There is a book called Accelerate: The Science of Lean Software and DevOps, which outlines a several-year-old study of DevOps culture, analyzing 23,000 surveys from over 2000 organizations. It clusters organizations into categories of high-, mid-, and low-performers.
If you are a large firm that is not supported by the technologies highlighted in this report, you are likely to fail.
How to be the fastest?
In 2017, the DORA research team found that high performers executed 46 times more code deployments, and had a lead time, from commit to deploy, that was 440 times faster. The mean time to recover from downtime that was 170 times faster and the change failure rate was 5 times lower.
Continuous deployment is a scenario in which everything that appears in the branch master is immediately deployed to production. For the purposes of this article, we can assume that everything from the branch master/develop goes to the test environment. This technique is particularly significant for non-technical topics, including project management.
The research discusses several points, including:
- Software delivery has a key influence on the organizational culture of non-IT firms (our clients!)
- Without Lean, Agile, and DevOps we are out in the field
- CD increases the motivation of development teams (e.g. more regular gratification from successes)
- It increases co-operation within the team (e.g. the need to maintain a “deployed” standard of the branch master/develop)
- It lowers the risk of future deployments, so-called “deployment pain” a seminal DevOps presentation from 2009 declares “let’s deploy 10 times a day”).
This seminal DevOps presentation by John Allspaw and Paul Hammond from 2009 declares “let’s deploy 10 times a day”.
What happens if you don’t have continuous deployment in the test environment?
- Motivation and feelings of responsibility among project specialists will be significantly lower
- It creates a risk that you develop an annual project for 6 months and then nothing works
- It negatively influences budgets, as we can estimate that a large project costs 20% more without continuous deployment
- You have to take developers at their word when they say “the code is okay”
- What’s worse, developers have to trust their leader when he says “the code is okay”
- Going live is a real challenge
Insights from the book ‘Accelerate’ for PMs
- If your team is spending more than one hour per week on deployments, that is a bad result
- If you deploy more rarely than once a week, that is a really bad result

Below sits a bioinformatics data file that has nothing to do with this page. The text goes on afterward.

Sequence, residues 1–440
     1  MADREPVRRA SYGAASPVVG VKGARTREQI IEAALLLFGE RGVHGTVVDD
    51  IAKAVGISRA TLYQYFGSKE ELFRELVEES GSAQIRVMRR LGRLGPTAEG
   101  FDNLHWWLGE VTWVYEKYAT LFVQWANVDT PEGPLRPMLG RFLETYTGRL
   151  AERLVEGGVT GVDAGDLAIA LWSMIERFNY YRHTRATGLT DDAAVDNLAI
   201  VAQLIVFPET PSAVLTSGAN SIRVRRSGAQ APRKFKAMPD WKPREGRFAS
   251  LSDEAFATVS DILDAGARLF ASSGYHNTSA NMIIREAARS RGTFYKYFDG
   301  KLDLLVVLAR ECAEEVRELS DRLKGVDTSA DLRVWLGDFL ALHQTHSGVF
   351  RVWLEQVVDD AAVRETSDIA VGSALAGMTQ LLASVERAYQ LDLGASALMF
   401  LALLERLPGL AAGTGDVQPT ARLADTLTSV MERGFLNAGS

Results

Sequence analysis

- If you don’t know the techniques outlined in Accelerate, you don’t know how to program in 2020.
What does continuous deployment in a test environment give you as a PM?
- You’ll be able to enter the test environment and get a handle on the status of the project at any given moment
- You reduce the budget for development, testing, and deployment
- You increase the motivation and responsibility of your Development Team
Where does the +20% of budget figure come from?
Lean has 8 areas of wastage. In the software development world, waste can be manually moving a new version of an application to production or a testing environment. If we don’t have continuous delivery/deployment, specialists will have to perform such tasks manually, each and every time. This means that:
- Testers wait longer for a usable testing version
- Programmers are forced to communicate times/days/hours/resources for deployment. And there will be the inevitable questions about if and when things are being released
- A non-automated deployment process, with manual deployments, leads to errors
- We most likely decide to deploy less often, meaning that cycle time is longer and client feedback is rarely received. It takes more time to find out about issues and errors
- There is a greater probability that our main repository branch code will not be maintained to a “developer’s” level and we will need to periodically remove the accumulated errors
- The people responsible for deployment become knowledge silos for that activity. It creates the so-called “bus factor” in which one piece of knowledge is not spread among several people
- The WAITING FOR DEPLOYMENT column on the kanban board becomes a bottleneck upon which we most probably do not set a work-in-progress limit
- The IN PROGRESS task list grows as a result of the queue for deployment, creating a need to return to such tasks when we come to perform deployment. The cost of switching between contexts as we undertake different tasks therefore grows
Imagine all of this on a weekly basis and it is easy to see how costs can increase by +20%. :)
In short, aim for:
- Continuous deployment on the testing environment
- Continuous delivery on the staging environment
- Continuous delivery on the production environment